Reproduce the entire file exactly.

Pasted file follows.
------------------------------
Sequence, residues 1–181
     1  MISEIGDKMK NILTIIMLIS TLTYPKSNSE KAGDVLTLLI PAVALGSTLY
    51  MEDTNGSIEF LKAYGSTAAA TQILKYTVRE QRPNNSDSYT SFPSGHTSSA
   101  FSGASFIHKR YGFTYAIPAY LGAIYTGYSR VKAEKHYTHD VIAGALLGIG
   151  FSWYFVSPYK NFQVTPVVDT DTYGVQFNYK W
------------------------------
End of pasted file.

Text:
Sequence, residues 1–181
     1  MISEIGDKMK NILTIIMLIS TLTYPKSNSE KAGDVLTLLI PAVALGSTLY
    51  MEDTNGSIEF LKAYGSTAAA TQILKYTVRE QRPNNSDSYT SFPSGHTSSA
   101  FSGASFIHKR YGFTYAIPAY LGAIYTGYSR VKAEKHYTHD VIAGALLGIG
   151  FSWYFVSPYK NFQVTPVVDT DTYGVQFNYK W